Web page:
Oilmen pitcher Matt Ostrowski tried to pick-off Curiel, but instead sent it way up the first base line. Small scored easily to tie the game at seven, Curiel sprinted his way into third, and after a really close play the Oilmen manager Adam Enright argued the call.

Enright then got creative with no outs and the winning run on third. Gavin Terry and Noble would were handed intentional passes to load up the bases. Enright then brought in an extra infielder and one outfielder. With three men on the left and two on the right of the diamond, the Oilmen had deployed their last line of defense.

Schultz then dug into the box and waved his magic wand, as he somehow squeezed a groundball between David Marshall and the third base bag, and the Corn Dogs walked-off game one, 8-7.

Corn Dogs dominate game 2

The Corn Dogs scored three runs in the first inning of the second game off of singles from Scott Hansen, Puplava and Matulitch.

The Oilmen got an earned run from another single from David Marshall to send in Josh Cuniff, making the score was 3-1. That’s all the Oilmen would get in game two.

Puplava wanted that run right back, as he got a high fastball he tomahawked over the left field wall to give the Dogs their three-run lead right back.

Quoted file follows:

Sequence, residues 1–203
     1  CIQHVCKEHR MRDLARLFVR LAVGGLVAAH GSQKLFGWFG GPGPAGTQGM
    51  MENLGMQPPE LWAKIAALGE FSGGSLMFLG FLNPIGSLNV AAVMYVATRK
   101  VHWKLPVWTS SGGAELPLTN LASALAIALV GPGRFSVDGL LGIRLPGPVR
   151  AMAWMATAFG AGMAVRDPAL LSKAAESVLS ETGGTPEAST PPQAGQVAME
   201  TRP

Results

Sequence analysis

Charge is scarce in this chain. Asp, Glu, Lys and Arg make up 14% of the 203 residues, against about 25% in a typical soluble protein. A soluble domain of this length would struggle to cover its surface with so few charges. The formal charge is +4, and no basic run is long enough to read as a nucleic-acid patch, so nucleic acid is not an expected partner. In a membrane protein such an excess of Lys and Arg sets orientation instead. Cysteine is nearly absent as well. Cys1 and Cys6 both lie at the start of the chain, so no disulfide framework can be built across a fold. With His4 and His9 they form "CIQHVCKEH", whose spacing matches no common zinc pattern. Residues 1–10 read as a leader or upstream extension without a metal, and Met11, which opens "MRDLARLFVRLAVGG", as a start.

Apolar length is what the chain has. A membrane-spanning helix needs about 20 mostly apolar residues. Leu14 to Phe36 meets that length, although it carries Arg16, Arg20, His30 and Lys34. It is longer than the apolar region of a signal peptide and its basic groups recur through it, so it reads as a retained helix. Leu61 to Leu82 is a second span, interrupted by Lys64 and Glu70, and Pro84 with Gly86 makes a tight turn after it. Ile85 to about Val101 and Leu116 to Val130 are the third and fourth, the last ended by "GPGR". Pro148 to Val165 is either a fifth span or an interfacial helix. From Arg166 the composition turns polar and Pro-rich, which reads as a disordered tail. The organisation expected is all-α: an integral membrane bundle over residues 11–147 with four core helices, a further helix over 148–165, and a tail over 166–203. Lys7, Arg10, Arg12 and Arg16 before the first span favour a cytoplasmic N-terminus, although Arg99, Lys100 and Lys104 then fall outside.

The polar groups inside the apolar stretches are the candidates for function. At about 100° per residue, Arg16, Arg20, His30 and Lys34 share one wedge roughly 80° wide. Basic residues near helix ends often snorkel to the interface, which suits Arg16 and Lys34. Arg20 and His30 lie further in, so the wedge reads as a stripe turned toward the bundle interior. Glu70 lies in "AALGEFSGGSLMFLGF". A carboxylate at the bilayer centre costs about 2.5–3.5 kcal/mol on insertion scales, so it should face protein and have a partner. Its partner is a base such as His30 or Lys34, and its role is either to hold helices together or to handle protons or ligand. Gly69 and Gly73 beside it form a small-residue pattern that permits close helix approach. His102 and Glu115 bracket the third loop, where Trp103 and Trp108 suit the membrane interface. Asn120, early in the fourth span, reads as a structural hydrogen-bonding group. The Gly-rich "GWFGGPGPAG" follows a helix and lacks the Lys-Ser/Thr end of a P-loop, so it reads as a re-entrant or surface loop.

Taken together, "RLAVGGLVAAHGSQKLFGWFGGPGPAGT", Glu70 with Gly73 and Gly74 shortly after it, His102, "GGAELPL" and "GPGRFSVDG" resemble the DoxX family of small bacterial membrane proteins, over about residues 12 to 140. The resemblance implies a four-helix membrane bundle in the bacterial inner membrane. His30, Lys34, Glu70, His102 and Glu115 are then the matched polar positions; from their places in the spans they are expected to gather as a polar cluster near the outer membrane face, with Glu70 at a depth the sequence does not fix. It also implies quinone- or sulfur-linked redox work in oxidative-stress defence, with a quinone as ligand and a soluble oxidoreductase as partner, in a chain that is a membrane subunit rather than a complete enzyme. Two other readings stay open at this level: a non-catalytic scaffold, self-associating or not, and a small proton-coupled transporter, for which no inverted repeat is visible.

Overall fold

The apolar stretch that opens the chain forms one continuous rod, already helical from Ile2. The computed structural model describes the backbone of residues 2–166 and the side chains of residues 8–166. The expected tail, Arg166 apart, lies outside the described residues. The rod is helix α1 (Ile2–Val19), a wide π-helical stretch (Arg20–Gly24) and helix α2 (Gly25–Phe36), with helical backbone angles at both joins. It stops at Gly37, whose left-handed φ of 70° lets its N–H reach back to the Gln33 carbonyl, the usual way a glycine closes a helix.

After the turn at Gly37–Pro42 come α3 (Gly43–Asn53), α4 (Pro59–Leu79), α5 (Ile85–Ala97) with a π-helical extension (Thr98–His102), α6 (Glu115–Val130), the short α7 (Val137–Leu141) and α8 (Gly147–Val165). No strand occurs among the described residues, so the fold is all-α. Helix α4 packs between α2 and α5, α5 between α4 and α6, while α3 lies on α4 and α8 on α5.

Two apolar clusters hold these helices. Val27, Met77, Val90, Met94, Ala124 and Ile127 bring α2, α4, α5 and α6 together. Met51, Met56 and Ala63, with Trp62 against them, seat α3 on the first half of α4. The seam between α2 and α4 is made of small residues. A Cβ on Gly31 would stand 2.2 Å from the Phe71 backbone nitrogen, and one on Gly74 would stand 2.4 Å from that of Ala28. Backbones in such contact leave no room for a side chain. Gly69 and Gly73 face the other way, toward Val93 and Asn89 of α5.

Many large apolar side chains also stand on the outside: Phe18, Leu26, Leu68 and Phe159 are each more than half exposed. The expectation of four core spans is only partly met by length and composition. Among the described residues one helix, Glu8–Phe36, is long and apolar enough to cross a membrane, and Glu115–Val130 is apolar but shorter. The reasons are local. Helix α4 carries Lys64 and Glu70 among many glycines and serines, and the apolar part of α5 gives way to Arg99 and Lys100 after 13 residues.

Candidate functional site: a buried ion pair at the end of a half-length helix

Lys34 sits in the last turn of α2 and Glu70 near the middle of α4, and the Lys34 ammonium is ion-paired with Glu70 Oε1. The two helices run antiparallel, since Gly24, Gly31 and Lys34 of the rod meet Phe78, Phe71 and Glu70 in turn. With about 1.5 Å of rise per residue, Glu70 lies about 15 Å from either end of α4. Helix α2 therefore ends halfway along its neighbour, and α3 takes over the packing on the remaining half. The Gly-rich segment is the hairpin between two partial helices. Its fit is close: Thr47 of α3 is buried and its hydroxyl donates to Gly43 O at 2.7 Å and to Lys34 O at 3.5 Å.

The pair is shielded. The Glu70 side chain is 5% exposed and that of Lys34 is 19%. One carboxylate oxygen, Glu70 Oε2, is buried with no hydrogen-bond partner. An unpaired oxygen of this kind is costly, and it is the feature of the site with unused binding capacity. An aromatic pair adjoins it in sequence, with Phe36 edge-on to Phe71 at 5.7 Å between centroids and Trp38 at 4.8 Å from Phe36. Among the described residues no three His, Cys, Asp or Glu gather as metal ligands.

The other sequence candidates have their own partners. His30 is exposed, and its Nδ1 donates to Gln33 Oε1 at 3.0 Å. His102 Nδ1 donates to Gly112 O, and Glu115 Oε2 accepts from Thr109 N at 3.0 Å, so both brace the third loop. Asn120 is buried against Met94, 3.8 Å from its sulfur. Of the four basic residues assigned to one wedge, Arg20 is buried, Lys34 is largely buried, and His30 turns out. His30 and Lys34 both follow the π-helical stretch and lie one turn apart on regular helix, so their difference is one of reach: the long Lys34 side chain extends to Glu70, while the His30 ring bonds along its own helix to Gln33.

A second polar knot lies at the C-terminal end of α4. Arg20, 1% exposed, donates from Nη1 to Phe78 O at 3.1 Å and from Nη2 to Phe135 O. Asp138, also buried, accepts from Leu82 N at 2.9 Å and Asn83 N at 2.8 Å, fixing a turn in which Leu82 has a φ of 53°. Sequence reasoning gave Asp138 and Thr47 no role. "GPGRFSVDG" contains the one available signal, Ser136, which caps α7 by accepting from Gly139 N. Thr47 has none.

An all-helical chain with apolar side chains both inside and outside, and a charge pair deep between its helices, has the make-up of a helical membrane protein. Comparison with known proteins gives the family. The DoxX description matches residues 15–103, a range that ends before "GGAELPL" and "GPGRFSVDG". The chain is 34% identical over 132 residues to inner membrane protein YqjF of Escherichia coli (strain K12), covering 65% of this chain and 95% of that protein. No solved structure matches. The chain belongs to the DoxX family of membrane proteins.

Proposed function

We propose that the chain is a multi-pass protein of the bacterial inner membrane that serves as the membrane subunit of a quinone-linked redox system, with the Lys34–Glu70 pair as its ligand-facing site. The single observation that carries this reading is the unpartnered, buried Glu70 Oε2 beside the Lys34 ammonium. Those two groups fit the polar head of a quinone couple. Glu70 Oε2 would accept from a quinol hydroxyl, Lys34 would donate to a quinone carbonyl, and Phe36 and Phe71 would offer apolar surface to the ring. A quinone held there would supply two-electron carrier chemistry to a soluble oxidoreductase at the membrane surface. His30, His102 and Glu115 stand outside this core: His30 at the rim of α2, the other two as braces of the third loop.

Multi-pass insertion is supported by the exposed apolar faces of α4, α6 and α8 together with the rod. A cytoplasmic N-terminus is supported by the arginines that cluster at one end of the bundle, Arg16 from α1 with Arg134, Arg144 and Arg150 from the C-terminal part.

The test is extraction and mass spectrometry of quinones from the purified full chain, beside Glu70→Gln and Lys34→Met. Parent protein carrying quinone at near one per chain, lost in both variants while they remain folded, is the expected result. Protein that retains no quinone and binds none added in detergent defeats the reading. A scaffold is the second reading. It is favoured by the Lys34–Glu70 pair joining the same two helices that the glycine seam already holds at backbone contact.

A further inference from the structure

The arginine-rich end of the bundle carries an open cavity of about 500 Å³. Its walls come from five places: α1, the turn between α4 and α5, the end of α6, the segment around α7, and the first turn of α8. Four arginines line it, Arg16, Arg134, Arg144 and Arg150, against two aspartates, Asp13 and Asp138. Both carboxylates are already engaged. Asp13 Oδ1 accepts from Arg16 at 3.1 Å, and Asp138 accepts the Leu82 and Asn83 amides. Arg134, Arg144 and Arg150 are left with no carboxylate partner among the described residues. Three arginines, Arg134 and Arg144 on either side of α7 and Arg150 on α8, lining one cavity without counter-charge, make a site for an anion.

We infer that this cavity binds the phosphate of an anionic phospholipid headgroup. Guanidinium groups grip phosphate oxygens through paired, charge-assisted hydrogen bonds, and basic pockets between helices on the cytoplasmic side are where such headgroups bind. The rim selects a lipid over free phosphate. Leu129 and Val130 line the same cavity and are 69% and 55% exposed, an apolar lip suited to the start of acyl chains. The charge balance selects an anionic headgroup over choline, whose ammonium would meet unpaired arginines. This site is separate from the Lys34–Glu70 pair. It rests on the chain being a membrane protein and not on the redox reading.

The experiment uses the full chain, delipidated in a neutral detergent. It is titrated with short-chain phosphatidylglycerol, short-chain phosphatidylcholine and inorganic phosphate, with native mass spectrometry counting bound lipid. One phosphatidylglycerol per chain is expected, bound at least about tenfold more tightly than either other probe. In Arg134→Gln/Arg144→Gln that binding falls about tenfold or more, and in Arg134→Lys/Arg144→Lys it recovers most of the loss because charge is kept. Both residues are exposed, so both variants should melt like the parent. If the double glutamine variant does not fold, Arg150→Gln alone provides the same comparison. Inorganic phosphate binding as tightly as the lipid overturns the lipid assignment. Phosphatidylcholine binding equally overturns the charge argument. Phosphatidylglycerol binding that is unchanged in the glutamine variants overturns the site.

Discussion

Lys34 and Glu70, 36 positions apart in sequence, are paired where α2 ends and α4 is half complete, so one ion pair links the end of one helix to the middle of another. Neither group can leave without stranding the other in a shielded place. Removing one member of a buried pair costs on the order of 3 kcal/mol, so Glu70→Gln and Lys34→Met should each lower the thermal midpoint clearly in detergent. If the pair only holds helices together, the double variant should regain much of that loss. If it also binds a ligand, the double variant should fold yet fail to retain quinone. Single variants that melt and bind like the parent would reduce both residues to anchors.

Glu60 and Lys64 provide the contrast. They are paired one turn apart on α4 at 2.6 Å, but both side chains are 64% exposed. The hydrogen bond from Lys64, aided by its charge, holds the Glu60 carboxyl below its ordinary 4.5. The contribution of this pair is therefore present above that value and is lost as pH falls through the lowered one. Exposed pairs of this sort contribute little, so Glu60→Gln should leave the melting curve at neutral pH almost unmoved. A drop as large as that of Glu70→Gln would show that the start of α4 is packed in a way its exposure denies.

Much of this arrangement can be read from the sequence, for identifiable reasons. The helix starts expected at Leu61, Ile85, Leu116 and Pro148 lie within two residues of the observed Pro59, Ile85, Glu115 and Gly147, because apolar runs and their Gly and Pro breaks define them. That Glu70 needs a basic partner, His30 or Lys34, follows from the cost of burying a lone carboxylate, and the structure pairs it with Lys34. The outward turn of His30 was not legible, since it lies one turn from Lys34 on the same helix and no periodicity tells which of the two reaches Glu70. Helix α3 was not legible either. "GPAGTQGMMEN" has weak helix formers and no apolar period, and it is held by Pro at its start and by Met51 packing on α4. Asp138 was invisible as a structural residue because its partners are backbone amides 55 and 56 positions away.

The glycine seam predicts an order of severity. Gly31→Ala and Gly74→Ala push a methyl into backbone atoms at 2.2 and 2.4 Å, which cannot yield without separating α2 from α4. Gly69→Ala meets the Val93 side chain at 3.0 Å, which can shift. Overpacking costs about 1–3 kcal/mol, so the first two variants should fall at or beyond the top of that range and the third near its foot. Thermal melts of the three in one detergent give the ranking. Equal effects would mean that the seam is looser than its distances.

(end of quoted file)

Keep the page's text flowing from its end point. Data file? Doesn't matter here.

The fourth inning is where game two fell off the rails. The Corn Dogs scored eight runs in the inning off of eight walks and just three hits. The Corn Dogs were crushing after that with their 12-1 cushion.

Corn Dogs tacked on two more runs and headed into the seventh ready to celebrate. With two outs, Noble fielded a grounder at second and lobbed it to Donovan Nanfeldt. Noble then pointed to the sky and his teammates stormed the field to celebrate the championship.

The Lake County Corn Dogs left no questions on the table. This was the best team, by virtue of record, in the league’s history.

Schultz and Puplava received Macron Player of the Game honors for game one and two, respectively.

A special season for Corn Dogs manager Justin Huisman

Manager Justin Huisman had won the Northern League Championship before, but as the manager of the Oilmen. The Crown Point resident said the feeling was especially gratifying given that it happened leading a team before hometown fans.

“It’s really special to do this in Crown Point where I live in front of fans and family and friends who came to a lot of games,” a jubilant Huisman said after the game. “It feels more family oriented here, so I see myself very invested in this team, in this product, and I know we can do even more next year.”

Huisman admired the team for their belief no game was ever out of their reach.

“I think it was just a fun confidence that we had, like the guys knew they were good, knew they could win every day, but they never pressed,” he said. “Early in the season we would get down a lot early in games and they would just come back because they believed in themselves.”

However, early in game one, he did his team pressing a bit.

“A couple guys were pressing early in the game,” Huisman said. “I could tell that they were swinging at pitches they normally don’t swing at, but once we got together and we said, ‘hey let’s get back to Corn Dogs baseball,’ they did just that.”

Photo by Josh Brunette